Sunday, February 8, 2009

You know what they say about families

A friend of mine recently did that Twenty-five Things You Don't Know About Me list that is going around on Facebook.

One of his struck a chord with me: # 11 People don't believe me when I tell stories about my childhood -- until they meet my parents.

I had to laugh since my family gave new meaning to dysfunctional. But I'm sure that is why I like to write about families -- the good, the bad and the really whacked.

Some families I dream up just steal my heart, dysfunction, and all, and that is true of the Corbetts. They show up in fictional Whitehorse, Montana this spring (April, May, June, Sept. Oct.). Of course there are problems, murders, secrets, deceit and near-death experiences. But hey, it's about family!

Is it just writers who often come from families that have little resemblance to Beaver Cleaver's? How about readers? Do you like reading about families that have more problems than yours? Or do you like reading about families that you wish were yours?

With the Corbetts I'd say there is a little bit of both when these five brothers hit town this spring! In the meantime, you can download my Intrigue Crime Scene at Cardwell Ranch at as part of Harlequin's 60th anniversary. I'm delighted to be part of their celebration!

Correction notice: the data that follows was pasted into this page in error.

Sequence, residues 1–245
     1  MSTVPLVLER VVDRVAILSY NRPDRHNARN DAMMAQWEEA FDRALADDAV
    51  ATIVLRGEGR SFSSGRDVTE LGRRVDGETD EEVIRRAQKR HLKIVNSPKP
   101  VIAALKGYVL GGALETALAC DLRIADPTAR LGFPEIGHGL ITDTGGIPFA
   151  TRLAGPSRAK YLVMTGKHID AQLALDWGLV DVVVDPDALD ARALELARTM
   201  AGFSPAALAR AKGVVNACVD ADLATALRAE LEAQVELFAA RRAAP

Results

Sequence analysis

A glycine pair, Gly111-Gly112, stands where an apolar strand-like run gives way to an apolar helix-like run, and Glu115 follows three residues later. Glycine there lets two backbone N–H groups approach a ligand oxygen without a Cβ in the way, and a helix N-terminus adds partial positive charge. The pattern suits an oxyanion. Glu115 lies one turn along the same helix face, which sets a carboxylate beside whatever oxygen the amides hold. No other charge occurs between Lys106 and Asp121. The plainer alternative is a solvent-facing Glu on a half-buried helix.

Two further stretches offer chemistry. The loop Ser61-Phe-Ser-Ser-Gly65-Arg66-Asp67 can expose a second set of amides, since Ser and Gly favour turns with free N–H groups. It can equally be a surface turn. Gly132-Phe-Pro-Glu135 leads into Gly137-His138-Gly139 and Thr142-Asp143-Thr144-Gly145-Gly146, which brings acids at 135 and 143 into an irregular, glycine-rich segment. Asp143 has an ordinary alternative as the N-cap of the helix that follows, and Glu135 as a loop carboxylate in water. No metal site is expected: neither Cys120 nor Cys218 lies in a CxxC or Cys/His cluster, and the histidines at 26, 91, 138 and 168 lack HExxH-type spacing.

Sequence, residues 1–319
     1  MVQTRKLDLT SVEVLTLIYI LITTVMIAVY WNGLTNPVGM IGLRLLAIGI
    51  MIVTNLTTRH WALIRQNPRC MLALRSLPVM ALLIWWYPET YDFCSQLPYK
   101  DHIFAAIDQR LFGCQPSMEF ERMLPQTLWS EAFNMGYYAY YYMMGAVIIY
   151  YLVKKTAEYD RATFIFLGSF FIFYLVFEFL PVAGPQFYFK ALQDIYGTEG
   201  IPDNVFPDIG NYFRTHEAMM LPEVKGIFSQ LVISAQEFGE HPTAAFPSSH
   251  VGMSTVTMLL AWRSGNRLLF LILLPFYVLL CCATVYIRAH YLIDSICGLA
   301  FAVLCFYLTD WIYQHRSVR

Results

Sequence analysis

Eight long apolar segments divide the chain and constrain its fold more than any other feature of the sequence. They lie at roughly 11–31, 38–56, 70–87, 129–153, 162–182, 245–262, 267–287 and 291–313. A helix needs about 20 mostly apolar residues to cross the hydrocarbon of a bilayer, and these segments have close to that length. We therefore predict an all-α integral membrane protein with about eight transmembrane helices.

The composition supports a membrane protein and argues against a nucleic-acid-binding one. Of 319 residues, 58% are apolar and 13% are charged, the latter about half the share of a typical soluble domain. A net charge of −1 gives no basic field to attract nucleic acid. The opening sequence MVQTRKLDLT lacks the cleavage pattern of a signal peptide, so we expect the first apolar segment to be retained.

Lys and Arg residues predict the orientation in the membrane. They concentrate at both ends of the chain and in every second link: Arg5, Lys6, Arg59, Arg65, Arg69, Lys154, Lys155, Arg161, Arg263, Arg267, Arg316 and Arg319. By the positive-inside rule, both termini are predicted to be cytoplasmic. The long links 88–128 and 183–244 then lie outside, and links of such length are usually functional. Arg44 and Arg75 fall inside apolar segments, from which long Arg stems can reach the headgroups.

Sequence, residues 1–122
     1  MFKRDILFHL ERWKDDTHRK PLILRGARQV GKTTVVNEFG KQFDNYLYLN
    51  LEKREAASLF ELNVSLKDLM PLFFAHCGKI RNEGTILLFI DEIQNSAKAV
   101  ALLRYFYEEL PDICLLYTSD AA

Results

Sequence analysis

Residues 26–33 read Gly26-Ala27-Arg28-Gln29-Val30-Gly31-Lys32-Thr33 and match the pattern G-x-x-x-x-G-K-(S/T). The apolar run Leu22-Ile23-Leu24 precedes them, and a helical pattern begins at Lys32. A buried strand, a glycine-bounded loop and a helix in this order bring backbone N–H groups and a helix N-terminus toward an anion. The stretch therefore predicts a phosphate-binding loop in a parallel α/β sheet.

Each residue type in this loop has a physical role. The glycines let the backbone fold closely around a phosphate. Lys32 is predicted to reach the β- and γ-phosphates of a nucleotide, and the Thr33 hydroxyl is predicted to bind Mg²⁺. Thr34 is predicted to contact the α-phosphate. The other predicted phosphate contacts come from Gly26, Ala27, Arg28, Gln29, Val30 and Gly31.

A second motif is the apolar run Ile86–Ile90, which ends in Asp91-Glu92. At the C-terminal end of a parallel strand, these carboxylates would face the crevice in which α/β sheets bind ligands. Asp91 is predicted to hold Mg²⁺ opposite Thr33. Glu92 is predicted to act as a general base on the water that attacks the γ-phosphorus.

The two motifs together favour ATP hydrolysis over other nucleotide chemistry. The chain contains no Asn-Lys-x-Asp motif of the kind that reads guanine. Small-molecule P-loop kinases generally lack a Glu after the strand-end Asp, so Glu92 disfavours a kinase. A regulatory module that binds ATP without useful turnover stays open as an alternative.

1. In my family I was the "dysfunctional" one---I wanted to be a boy because they got to do really neat things like play baseball, dress in jeans, go to work with daddy (he was a geologist and would take my brother to oil wells that were being drilled but he couldn't take me because only guys were allowed). I like reading about families that are slightly dysfunctional. I'm looking forward to more Whitehorse, Montana stories.

  2. Ellen, I was a tomboy too. So I know what you mean. My father was a contractor so I got use all his tools. He wanted me to be an architect. No talent. :) I was more into stories!

  3. Every family has problems and dysfunctional characters. It is what makes life interesting and hard at times, but most of us learn from it.

  4. As my psychology spelling teacher said if we all were normal life would be really boring.

    So we all have problems within our families that what makes life so interesting. Misty is right though you learn from it and go on.

    Will the other characters from WhiteHorse turn up in these books BJ?

    I really enjoyed the other stories you did based in Whitehorse, Montana.


  5. Yes, Patsy, other Whitehorse characters will definitely be in the Corbett brothers books. A lot of loose ends will be tied up. About time, huh. :)
    Misty, I think you're right. Some of us learn from growing up in dysfunctional families. I wonder if I would write if it wasn't for my interesting family. :_